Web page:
Long ago, the people of the Selkirk First Nation were known as the Hucha Hudan people, meaning Flatland People. The reason for the Flatland name was because of the landscape in Fort Selkirk, where the land is flat on both sides of the river. Although the modern world has made its footprint in our lives, we still rely heavily on the land for survival.
Our citizenship population is approximately 671 and growing every year. About 40% of the citizens reside in Pelly Crossing while the other 60% live elsewhere in the Yukon and across Canada.
Through our rich history, culture and traditions, we, the Selkirk people, are striving to become a self-sufficient First Nation. Since the beginning of time, our people have used our land for healing, nurturing and guidance. Our footsteps today still walk alongside our ancestors in practicing our traditional lifestyles and will continue for generations to come.
The Northern Tutchone people have their own way of social organization, which is known as the clan system. There are two clans: Wolf and Crow. Clan membership is based on the mother, which means a child belongs to its mother’s clan. Whatever clan a person was born into, this is the clan that they will have throughout their lives. The clans represent who we are, our connection to other families and our connections to our environment.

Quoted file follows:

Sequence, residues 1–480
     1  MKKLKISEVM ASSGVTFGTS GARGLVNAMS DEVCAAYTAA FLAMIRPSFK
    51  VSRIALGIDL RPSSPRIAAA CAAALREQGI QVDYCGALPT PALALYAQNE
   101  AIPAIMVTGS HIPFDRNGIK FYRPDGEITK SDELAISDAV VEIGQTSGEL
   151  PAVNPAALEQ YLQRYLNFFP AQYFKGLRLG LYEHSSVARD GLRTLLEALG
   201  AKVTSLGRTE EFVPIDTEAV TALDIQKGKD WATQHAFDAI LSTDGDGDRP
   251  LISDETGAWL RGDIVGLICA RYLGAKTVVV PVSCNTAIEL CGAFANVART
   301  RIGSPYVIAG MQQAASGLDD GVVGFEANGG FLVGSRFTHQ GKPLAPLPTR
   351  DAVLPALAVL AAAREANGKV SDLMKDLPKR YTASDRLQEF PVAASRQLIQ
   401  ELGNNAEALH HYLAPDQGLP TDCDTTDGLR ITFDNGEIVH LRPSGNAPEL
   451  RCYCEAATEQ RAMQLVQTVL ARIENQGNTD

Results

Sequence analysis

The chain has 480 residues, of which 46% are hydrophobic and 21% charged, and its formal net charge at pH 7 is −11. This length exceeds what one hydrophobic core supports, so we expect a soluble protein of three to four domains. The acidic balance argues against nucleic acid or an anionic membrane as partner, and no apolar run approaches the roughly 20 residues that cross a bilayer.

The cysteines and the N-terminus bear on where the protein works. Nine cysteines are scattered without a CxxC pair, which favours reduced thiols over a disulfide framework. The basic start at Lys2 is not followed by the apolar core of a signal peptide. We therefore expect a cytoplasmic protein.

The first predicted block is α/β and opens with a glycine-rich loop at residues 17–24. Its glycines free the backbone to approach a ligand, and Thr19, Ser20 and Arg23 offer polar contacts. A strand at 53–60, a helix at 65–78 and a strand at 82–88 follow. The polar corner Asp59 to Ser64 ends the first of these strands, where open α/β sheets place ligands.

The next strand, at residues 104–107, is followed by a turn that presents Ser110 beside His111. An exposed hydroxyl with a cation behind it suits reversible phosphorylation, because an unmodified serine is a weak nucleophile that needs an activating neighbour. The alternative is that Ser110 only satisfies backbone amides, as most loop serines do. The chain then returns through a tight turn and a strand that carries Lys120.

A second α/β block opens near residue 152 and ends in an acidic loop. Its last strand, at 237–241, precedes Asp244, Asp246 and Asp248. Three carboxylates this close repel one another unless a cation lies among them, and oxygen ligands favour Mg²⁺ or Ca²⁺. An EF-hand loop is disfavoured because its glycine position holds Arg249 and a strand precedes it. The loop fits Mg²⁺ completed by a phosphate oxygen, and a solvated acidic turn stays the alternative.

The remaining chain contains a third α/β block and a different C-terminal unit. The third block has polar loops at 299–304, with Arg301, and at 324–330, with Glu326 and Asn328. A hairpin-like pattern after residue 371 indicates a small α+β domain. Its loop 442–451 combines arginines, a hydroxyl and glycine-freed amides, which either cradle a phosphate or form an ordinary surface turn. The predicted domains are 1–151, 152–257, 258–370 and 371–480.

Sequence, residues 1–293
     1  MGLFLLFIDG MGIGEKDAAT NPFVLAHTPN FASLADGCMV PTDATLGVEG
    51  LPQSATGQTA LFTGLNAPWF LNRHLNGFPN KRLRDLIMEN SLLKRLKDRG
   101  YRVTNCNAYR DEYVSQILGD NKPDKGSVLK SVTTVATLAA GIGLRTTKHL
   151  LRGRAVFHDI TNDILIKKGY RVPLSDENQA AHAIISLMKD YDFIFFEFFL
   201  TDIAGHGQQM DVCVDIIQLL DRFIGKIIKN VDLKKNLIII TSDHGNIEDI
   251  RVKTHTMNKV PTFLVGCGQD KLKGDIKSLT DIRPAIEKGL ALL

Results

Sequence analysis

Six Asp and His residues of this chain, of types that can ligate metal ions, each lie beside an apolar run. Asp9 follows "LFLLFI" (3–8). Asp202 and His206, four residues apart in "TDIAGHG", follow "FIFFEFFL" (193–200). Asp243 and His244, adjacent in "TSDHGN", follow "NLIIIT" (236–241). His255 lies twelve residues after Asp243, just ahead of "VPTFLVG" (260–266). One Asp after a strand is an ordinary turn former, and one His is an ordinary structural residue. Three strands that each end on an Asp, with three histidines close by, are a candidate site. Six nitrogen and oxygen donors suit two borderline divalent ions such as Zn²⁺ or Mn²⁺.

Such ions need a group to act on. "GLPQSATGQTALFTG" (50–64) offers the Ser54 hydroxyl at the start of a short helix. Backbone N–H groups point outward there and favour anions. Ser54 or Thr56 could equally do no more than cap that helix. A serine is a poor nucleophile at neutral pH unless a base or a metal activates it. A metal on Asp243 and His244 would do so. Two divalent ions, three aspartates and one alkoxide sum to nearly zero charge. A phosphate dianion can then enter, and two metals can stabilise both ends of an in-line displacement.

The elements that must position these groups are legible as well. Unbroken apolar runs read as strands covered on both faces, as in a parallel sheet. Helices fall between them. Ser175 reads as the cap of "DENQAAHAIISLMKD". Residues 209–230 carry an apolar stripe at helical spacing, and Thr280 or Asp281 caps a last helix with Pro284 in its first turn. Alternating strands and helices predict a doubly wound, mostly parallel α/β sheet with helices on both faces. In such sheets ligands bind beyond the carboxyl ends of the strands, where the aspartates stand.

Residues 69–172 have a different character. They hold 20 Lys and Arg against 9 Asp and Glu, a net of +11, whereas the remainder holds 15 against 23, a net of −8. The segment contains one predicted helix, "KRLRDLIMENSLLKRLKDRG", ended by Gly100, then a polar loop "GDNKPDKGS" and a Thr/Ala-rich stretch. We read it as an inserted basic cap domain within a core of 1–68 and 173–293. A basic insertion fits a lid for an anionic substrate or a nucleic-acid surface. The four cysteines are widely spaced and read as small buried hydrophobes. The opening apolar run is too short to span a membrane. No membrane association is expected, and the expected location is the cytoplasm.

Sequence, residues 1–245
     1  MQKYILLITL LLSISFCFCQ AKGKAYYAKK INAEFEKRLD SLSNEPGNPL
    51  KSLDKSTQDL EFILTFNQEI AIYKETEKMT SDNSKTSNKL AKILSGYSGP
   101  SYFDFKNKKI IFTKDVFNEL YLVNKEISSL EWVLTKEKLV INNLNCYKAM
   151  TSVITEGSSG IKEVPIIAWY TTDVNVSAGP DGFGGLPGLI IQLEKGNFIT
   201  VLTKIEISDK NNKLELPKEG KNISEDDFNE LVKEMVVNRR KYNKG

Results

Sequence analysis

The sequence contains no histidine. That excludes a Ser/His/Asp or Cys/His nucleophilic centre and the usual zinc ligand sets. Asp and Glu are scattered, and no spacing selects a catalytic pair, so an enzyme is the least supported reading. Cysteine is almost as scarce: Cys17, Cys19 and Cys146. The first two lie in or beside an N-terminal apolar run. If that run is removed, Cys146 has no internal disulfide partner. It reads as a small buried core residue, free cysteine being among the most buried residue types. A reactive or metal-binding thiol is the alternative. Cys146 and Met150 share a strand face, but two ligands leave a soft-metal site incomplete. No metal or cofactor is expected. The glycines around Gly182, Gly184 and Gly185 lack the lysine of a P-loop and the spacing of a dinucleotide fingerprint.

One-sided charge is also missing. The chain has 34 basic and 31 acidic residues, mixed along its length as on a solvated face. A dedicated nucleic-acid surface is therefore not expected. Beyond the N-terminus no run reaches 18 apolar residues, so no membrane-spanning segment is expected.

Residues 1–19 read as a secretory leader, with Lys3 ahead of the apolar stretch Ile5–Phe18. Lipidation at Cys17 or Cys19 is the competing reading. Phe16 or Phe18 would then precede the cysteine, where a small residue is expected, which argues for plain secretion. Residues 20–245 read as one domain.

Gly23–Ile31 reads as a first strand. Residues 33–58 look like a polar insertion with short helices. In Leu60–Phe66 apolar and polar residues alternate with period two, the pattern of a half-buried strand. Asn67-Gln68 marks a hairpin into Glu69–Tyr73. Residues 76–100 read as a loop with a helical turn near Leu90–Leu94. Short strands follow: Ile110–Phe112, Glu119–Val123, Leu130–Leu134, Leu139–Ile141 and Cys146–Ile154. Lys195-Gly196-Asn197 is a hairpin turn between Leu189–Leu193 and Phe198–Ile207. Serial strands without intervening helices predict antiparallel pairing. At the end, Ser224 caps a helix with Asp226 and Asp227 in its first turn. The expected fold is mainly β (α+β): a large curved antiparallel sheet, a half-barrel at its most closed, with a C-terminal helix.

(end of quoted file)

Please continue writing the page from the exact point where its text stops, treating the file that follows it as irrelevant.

The Northern Tutchone people’s society was based on the concept of the group – emphasis was not placed on the individual but the community as a whole.
Elders were, and continue to be, the threads of our community, holding it together. Their roles are an extensive list of responsibilities that assist in the safekeeping of the traditional cultural ways.
Elders hold knowledge and are our history keepers.
We have our own songs and dances, which reflect our way of life and our stories. We continue to practice our traditions with fish camps, hunting camps, teaching our language at the school, sewing and language classes, cabin building, dancing and singing (Selkirk Spirit Dancers).